As a parent of a teen or tween, what could be better than more moments when your child wants to be close enough for a hug and to sit and talk to you? You’ve been told to expect the eye-rolling and attitude and pulling away when they hit the teen years. Yes, it’s normal for this to happen; however, it doesn’t mean it has to be this way, and that you have to suffer through it.
There are many times when a child after divorce is struggling — even suffering. These children need extra help. To identify a child in distress, you need to evaluate whether there have been serious changes in their behavior and personality. It is not a complete change of personality, but a more extreme version of how they were acting before the divorce. Some examples are ...
Traveling with your teen doesn't have to be a bust because with a little preparation, traveling together can be something the entire family can look forward to. Before you plan and pack up though, you'll want to be sure to avoid any triggers that can turn a potentially terrific vacation into a terrible one.
Did you have a difficult childhood? Are you afraid your children will suffer emotionally as you did? If so, help is on the way.
Today is a day of blessings and thankfulness. I get to spend Mother's Day with my very own mother and my fabulous kids, as well as my hubby. As I observe my little family and notice all that I am thankful for, I can't help but think about the many people who walk into my office and lack their own mother to celebrate with.
I have the wonderful opportunity of having many educators in my life. Several of my dearest friends are educators. Many of my colleagues work in the school setting. I knew at an early age that education would be important in my own life and pursued an education undergraduate degree. Although, I have never been a “teacher” in a classroom filled with kids, I have been an educator to many through the trainings that I do. My favorite topic to train educators on is “Strategies for Educating Traumatized Children.”
Today was a bit of a tough day at work. I sat with a family who has weathered one of the worst storms that a person could ever imagine…childhood sexual abuse. Children, under the age of 5, traded for sex and video taped for porn. Now, a decade later, these children have to deal with their inner demons. No, they are no longer living with the people who did this to them. No, they have no contact at all with anyone from that part of their life. Yes, they are physically safe. Yes, their heart and their minds are changed forever.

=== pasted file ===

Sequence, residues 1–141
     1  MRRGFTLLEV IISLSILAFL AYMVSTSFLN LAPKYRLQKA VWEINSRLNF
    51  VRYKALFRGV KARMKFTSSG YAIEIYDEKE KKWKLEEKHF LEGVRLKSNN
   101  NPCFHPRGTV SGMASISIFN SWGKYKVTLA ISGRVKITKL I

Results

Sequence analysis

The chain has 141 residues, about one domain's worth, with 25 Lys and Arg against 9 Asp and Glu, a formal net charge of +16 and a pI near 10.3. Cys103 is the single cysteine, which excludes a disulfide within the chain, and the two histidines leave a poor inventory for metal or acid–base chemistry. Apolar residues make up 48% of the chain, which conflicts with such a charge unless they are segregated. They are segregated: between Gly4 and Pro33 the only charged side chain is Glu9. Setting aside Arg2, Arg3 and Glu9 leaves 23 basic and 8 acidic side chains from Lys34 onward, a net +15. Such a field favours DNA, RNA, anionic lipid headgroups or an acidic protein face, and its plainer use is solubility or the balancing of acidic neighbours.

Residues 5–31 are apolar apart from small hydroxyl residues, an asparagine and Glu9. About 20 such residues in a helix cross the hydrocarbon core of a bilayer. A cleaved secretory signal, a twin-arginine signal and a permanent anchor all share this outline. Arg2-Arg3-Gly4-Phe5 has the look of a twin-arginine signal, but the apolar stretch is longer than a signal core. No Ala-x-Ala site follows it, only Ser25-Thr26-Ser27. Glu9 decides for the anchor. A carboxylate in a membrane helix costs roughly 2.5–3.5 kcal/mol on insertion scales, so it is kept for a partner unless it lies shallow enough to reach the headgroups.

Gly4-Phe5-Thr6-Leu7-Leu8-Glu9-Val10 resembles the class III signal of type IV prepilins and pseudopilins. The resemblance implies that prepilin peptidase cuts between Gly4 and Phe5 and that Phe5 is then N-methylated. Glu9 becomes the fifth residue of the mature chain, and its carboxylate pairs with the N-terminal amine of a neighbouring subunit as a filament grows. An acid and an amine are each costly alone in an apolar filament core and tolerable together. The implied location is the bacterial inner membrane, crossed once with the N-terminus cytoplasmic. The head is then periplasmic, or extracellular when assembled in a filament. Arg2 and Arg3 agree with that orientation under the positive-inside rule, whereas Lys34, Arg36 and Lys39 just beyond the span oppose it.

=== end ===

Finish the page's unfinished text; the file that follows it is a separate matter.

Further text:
WARNING: I will be ranting today! I have some major energy in the above topic. So, if you are easily offended or sensitive, please stop reading now and return for a later blog! That said, let’s chat about tolerance versus acceptance. I see the word “tolerance” everywhere…teach kids tolerance, we need to tolerate others, human resources departments that have tolerance policies…ugh! This drives me crazy. The reality is that tolerance is much different and less positive than acceptance!
Anger is a powerful, strong emotion, so we need powerful, strong strategies to help release that anger. As adults, we need to have our anger strategies figured out before we attempt to figure that out with our own children. Then, we must remember that our children's emotions are their emotions, not ours.
As a therapist who sees teenagers, I get this questioned posed to me often…Stacy, I don’t want my child to drop out of school, but they refuse to go and I don’t know what to do. What should I do? I often approach this topic from “what is your child communicating to the rest of us that we aren’t hearing?”
One of the best feelings in the world is when a child’s eyes light up in recognition and they run at you, throwing their little arms around you for a big hug and cuddle. I remember promising myself when I was about ten years old and dealing with my father’s death that I would never lose that innocence, and wonder and joy for life.
Dear Dr. G., I just read that teen girls are much more likely than teen boys to show signs of depression. This worries me because I have a set of 13 year old fraternal twins and the girl looks like she may be a little sad. Her brother, on the other hand,is happy-go-lucky and nothing can ruin his day. The two of them came into the world differently. My son was an easy baby. He slept through the night at 3 months of age and was a good eater. My daughter was always fussy and hard to soothe.